New England

Vermont Resorts Expand ‘Green' Snowmaking

Efficiency experts say resorts’ upgrades in recent years have translated to business and environmental savings

With the ski season already underway at select resorts in New England, the ski industry in Vermont—the East Coast’s top state for skier and rider visits—is boasting of successes in going green.

Opening day for skiing and riding is still more than a month away at Vermont’s Bolton Valley, but when the lifts start running, the snowmaking operation at the destination will be a lot greener.

Bolton Valley spokesman Josh Arneson said old air compressors that used to burn 25,000 gallons of diesel fuel a season are being swapped out for electric versions that will be more affordable to run long-term, with a much lighter environmental impact.

“Bolton Valley, as well as a lot of other ski areas, are trying to do what we can, do our part, to reduce emissions and be more green,” Arneson said.

Over the past several years, many of Vermont’s resorts have been switching to low-energy snowmaking guns.

At Mount Snow, which opens for the season earlier than ever this Saturday, its entire fleet of guns is now low-energy, operating on as little as a hundredth of the compressed air the old models needed.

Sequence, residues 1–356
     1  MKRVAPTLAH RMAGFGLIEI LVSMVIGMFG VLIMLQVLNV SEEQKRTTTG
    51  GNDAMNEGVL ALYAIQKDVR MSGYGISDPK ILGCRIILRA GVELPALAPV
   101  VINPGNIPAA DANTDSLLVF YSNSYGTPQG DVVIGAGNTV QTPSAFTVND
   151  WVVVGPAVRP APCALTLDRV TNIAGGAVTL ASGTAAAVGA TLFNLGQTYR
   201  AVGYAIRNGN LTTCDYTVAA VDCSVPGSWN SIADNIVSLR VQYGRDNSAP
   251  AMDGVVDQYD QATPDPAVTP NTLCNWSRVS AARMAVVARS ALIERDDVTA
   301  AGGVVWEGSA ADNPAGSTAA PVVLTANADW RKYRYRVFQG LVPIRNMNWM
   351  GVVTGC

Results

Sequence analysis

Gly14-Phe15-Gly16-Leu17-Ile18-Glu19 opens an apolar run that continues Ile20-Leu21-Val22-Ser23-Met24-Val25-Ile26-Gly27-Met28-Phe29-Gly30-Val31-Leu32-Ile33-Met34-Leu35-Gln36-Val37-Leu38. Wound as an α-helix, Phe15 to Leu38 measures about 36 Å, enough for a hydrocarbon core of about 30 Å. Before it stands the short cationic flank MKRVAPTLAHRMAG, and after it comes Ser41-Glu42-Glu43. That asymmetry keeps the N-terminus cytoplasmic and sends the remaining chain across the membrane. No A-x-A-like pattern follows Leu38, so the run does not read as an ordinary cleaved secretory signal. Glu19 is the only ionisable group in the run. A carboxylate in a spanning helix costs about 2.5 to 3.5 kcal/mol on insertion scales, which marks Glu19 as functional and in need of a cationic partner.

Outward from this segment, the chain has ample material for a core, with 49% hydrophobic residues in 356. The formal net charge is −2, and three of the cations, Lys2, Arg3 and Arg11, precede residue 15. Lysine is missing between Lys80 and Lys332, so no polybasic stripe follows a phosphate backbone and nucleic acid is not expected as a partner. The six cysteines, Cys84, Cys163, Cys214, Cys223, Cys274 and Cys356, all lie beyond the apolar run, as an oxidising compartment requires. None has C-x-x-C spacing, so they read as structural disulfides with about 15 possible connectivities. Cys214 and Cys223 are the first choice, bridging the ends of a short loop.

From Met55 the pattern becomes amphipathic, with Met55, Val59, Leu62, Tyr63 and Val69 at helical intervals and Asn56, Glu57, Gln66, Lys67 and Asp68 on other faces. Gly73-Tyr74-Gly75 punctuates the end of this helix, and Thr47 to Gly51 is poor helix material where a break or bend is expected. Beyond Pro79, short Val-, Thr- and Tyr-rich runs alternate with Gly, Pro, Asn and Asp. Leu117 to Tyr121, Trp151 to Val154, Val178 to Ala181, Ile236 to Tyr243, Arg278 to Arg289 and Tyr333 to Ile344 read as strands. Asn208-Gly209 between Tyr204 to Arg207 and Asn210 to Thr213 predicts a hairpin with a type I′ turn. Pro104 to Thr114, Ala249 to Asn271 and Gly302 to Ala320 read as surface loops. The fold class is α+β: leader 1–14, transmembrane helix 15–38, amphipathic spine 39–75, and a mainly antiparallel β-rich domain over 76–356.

“We’re able to pretty much double our water capacity and only increase our energy consumption by 10 percent,” said Kevin Harrington, the director of on-mountain operations for Mount Snow.

“Our engineers tell us the snowmaking efficiency in Vermont is the best in the country,” said Rebecca Foster, the director of Efficiency Vermont, the statewide utility working to promote energy savings.

For several years now, Efficiency Vermont has been encouraging the state’s ski areas to pursue green upgrades.

Foster said new guns like Mount Snow’s can run for just ten cents an hour, compared to ten dollars an hour for the retired versions.

All told, she estimated going green has helped Vermont resorts save $9-million a year in snowmaking costs and slash 80-million pounds of carbon emissions.

“Ski areas–it’s important that they remain viable and vibrant because they do support so many other businesses and are a big part of the economic development picture in different parts of the state,” Foster said.

Foster predicted the next frontier for resorts will be to make improvements to dining and lodging areas, finding new ways to operate smarter that benefit both their bottom line and the planet.

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